People’s experience of accessing general practice remains positive, with almost 9 in 10 patients reporting in 2014-15 that they could get an appointment. Patient satisfaction with access is, however, gradually and consistently declining, and a fifth of patients report opening hours are not convenient, according to today’s report from the National Audit Office.
Worsening access to general practice matters: if patients cannot access general practice they are more likely to suffer poorer health outcomes or to use other, more expensive, NHS services such as accident and emergency departments.
The NAO found that there is considerable variation in access between different patient groups: older patients were more likely than younger patients to report that they were able to access appointments. The NAO also found that people from a white ethnic background reported better access than those from other ethnic groups. Differences in GP practices’ working arrangements also affect the proportion of patients who can get appointments.
Nationally, 92% of people live within 2 kilometres of a GP surgery, but there are stark differences between urban and rural areas. Only 1% of people in urban areas do not have a GP surgery within 2 kilometres, compared with 37% in rural areas.
Demand for general practice is increasing as the population grows and people live longer, often with multiple medical conditions. However, the Department of Health and NHS England do not have up-to-date data to estimate the number of consultations. The organisations that the NAO spoke to considered that general practice is under increasing pressure, with demand rising by more than capacity.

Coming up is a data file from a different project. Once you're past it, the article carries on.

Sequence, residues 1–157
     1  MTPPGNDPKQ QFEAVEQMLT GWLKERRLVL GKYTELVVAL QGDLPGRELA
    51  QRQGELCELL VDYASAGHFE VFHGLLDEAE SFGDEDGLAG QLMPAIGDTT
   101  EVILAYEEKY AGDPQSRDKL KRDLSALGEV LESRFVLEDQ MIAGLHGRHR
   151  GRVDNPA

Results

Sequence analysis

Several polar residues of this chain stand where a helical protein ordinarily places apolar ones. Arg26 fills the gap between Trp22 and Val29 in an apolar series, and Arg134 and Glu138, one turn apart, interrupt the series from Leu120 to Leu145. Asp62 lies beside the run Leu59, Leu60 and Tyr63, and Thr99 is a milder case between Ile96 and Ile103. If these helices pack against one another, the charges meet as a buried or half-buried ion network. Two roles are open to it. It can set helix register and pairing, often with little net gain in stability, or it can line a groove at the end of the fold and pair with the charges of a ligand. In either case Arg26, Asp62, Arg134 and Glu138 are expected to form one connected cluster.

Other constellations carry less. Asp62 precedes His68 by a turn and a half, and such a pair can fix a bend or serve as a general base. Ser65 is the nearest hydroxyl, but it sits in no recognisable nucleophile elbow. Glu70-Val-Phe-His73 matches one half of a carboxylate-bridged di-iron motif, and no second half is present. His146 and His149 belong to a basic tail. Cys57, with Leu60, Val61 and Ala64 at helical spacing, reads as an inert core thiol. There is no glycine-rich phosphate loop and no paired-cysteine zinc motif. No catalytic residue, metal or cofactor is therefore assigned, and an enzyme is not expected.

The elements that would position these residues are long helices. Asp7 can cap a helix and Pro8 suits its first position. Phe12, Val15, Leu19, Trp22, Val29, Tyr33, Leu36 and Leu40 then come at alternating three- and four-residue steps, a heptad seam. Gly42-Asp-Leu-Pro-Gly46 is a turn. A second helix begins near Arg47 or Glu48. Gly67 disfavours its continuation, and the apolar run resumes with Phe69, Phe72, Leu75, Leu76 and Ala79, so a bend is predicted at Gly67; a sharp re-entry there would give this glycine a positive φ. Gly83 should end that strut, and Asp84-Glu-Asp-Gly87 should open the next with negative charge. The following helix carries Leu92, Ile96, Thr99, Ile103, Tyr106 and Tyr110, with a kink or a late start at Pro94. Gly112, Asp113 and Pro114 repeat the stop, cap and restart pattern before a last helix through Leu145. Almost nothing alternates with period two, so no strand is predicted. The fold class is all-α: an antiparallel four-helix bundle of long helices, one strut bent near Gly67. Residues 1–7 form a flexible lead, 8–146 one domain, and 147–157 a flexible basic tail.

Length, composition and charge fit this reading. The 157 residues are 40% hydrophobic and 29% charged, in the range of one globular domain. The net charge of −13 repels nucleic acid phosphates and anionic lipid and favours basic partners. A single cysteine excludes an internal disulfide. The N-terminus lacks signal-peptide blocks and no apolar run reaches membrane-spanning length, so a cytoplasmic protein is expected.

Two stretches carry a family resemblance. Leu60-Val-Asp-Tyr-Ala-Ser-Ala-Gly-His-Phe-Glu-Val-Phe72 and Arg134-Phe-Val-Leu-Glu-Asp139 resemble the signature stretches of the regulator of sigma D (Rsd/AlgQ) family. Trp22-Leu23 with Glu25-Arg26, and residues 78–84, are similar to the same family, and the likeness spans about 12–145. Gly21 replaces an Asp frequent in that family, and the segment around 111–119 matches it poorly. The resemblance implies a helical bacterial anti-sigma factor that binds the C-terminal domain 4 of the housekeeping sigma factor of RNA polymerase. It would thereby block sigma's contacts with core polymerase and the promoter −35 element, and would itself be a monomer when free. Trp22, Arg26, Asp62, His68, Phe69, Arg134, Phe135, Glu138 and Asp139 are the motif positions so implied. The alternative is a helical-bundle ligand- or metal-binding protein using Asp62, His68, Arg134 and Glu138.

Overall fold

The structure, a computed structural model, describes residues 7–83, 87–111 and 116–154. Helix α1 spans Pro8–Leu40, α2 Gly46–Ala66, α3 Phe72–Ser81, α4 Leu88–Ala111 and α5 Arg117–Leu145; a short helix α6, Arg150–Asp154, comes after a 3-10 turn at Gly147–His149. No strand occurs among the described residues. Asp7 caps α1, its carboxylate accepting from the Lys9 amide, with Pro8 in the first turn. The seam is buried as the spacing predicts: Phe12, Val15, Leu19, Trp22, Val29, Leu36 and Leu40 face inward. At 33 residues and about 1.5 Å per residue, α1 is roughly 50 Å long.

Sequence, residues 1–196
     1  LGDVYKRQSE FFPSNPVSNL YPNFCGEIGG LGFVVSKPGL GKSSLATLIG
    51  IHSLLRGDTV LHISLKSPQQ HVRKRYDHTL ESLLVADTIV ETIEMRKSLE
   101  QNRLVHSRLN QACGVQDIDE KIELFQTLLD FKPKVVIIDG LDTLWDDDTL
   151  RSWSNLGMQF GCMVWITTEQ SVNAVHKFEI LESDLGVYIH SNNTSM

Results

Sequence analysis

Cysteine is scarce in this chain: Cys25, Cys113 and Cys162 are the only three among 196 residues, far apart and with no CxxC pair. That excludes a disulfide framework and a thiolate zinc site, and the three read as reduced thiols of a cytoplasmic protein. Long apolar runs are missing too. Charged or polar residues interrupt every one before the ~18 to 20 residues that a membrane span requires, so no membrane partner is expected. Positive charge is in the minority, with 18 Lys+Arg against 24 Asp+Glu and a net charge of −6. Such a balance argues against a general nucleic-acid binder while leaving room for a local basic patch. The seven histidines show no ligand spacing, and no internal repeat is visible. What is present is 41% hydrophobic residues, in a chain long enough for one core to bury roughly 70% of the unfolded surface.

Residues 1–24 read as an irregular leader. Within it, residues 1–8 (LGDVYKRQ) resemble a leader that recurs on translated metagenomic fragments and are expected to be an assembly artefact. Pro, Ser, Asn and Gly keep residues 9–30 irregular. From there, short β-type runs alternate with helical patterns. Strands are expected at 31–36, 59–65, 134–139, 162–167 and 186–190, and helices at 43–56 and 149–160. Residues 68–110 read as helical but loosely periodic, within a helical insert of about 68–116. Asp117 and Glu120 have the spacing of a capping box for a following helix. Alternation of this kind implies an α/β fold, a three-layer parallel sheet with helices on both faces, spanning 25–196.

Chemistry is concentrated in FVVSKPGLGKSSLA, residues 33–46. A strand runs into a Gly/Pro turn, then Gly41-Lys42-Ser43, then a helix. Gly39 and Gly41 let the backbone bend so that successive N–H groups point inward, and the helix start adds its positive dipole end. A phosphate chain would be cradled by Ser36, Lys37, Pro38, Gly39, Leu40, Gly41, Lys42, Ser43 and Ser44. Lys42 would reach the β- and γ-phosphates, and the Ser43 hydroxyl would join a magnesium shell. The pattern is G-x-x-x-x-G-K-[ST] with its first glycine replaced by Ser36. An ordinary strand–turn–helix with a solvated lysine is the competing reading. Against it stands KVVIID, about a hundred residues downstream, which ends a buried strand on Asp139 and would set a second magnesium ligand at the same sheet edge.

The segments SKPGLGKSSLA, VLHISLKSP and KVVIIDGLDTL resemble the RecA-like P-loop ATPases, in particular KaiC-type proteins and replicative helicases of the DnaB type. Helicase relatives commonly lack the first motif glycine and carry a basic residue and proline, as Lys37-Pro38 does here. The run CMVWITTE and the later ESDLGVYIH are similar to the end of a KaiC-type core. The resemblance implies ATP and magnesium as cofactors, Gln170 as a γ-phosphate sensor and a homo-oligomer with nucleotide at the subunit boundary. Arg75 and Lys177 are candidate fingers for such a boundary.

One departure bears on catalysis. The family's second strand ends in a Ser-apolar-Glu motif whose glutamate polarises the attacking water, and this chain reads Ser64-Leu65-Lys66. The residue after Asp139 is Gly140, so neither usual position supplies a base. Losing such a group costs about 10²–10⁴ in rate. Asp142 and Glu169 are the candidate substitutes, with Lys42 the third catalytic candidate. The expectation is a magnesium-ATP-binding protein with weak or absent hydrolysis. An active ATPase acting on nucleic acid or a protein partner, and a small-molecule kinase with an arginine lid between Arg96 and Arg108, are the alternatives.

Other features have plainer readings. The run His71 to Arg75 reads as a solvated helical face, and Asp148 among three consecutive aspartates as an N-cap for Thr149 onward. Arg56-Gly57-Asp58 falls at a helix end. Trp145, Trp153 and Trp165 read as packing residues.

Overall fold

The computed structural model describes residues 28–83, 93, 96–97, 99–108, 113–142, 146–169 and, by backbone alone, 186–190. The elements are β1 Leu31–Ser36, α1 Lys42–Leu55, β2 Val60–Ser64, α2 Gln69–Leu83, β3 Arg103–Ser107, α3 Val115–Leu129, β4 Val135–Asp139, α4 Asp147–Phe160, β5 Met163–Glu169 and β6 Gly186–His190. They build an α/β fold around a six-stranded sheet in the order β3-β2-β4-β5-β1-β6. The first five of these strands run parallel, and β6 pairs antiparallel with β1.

The NAO identified that problems in recruiting and retaining GPs are increasing, with 12% of training places in 2014/15 remaining unfilled. GPs make up only 29% of the general practice workforce, so alone are unlikely to be able to deal with the rising demand for services. Practices are increasingly using other staff to help manage demand.
Today’s report finds that deprived areas tend to have a lower ratio of GPs and nurses to patients, and where the ratio is lower it is harder for patients to get appointments. The distribution of general practice staff across the country does not reflect need. NHS England allocates funding to local areas using weighted populations that reflect factors such as demographics, health needs and local costs. Despite this, inequalities remain, with the combined number of GPs and nurses in each local area ranging from 63 to 114 per 100,000 weighted population.
Among the NAO’s recommendations are that NHS England should improve the data it collects on demand and supply in general practice, and research how different practices’ appointment-booking and other working arrangements drive variations in access. While making changes designed to improve access, NHS England should analyse the impact on different patient groups.